After three seasons, The Tick's final episode aired November 24, 1996. The following year, FOX began talks with Sunbow Entertainment about producing a prime time Tick special, but this never came to fruition. Comedy Central syndicated The Tick during this time and subsequently helped make it a cult hit with adults. In May 2000, the pilot episode for a live action series of The Tick was completed. FOX attempted to capitalize on the growing adult fan base by introducing this new incarnation in November 2001, but the series couldn't match the success of its animated predecessor.
|First aired||Last aired|
|1||13||September 10, 1994||February 11, 1995|
|2||13||September 9, 1995||February 17, 1996|
|3||10||September 14, 1996||November 24, 1996|
Season 1 (1994–95)
|No.||Title||Directed by||Written by||Original air date||Prod.|
|1||"The Tick vs. The Idea Men"||Sue Peters, John Kafka and Russel Mooney||Ben Edlund and Richard Liebmann-Smith||September 10, 1994||101|
The Tick moves to The City and meets Arthur, convincing him to become his partner in the battle against evil.Villain: The Idea Men
|2||"The Tick vs. Chairface Chippendale"||Sue Peters, John Kafka and Russel Mooney||Ben Edlund and Richard Liebmann-Smith||September 17, 1994||102|
The Tick attempts to thwart Chairface Chippendale's plan to commit the "Crime of the Century": using a powerful heat ray to write his name across the face of the moon.Villain: Chairface Chippendale
|3||"The Tick vs. Dinosaur Neil"||Sue Peters, John Kafka and Russel Mooney||Ben Edlund and Richard Liebmann-Smith||September 24, 1994||103|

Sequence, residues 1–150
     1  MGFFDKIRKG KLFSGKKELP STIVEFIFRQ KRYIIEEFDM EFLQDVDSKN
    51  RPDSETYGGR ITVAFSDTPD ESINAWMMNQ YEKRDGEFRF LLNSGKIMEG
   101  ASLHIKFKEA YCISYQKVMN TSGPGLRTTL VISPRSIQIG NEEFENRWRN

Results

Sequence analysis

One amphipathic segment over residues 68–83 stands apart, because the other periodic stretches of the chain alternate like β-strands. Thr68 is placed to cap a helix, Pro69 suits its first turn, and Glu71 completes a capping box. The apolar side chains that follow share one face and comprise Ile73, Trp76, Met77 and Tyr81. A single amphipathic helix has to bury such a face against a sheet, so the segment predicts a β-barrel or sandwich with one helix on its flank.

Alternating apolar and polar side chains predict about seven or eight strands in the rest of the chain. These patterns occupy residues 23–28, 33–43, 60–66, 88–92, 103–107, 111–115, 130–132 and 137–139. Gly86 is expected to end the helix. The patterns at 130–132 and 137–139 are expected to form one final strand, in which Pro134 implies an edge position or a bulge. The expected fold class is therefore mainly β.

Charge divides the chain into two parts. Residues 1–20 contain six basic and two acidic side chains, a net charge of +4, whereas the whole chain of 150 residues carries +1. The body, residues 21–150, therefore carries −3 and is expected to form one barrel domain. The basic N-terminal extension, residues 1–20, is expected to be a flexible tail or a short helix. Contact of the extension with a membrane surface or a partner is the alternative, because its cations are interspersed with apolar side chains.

Dinosaur Neil, chief paleontologist at a dig known as "Dinosaur Grotto", is attempting to grow a fully functional dinosaur from tissues found in fossils. After accidentally ingesting some of the culture he mutates into a 70-foot-tall (21 m), 180-ton dinosaur and goes on a rampage across The City.Villain: Dinosaur Neil
|4||"The Tick vs. Mr. Mental"||Sue Peters, John Kafka and Russel Mooney||Ben Edlund and Richard Liebmann-Smith||October 1, 1994||104|
The evil Mr. Mental takes control of The Tick's mind and forces him to steal the Thinking Cap, a device which will give Mr. Mental the "powers of the gods".Villain: Mr. Mental
|5||"The Tick vs. The Breadmaster"||Sue Peters, John Kafka and Russel Mooney||Ben Edlund, Richard Liebmann-Smith and Martin Pasko||October 8, 1994||105|
A villain known as The Breadmaster orders large quantities of baking supplies to build the sinister City-Smothering Lemon Soufflé.Villain: Breadmaster
|6||"The Tick vs. El Seed"||Sue Peters||Ben Edlund and Richard Liebmann-Smith||October 15, 1994||106|
The insane El Seed uses his powers over plants to enact revenge on all animal life. To battle him, the Tick and Arthur join forces with The Civic-Minded Five: Captain Mucilage, The Carpeted Man, Feral Boy, 4-Legged Man and Jungle Janet.Villain: El Seed
|7||"The Tick vs. The Tick"||Art Vitello||Ben Edlund and Richard Liebmann-Smith||October 22, 1994||107|
The Tick battles with Barry Hubris, a wannabe superhero who also calls himself "The Tick", over rights to the name. Meanwhile, The Evil Midnight Bomber What Bombs at Midnight plans to blow up the Comet Club.Villains: Barry "The Tick" Hubris and The Evil Midnight Bomber What Bombs at Midnight
|8||"The Tick vs. The Uncommon Cold"||Art Vitello||Henry Gilroy||October 29, 1994||108|
The Tick has a cold, which affects his ability to overcome the alien invader Thrakkorzog, who plots to take over the Earth with an army of evil Tick clones.Villain: Thrakkorzog
|9||"The Tick vs. Brainchild"||Art Vitello||Art Vitello and Ben Edlund||November 5, 1994||109|
Brainchild (aka Charles) wants to use his Mega-Devastator Multi-Cannon to make his mark on the earth, with the moon.Villain: Brainchild
|10||"The Tick vs. Pineapple Pokopo"||Art Vitello||Ben Edlund and Richard Liebmann-Smith||November 12, 1994||110|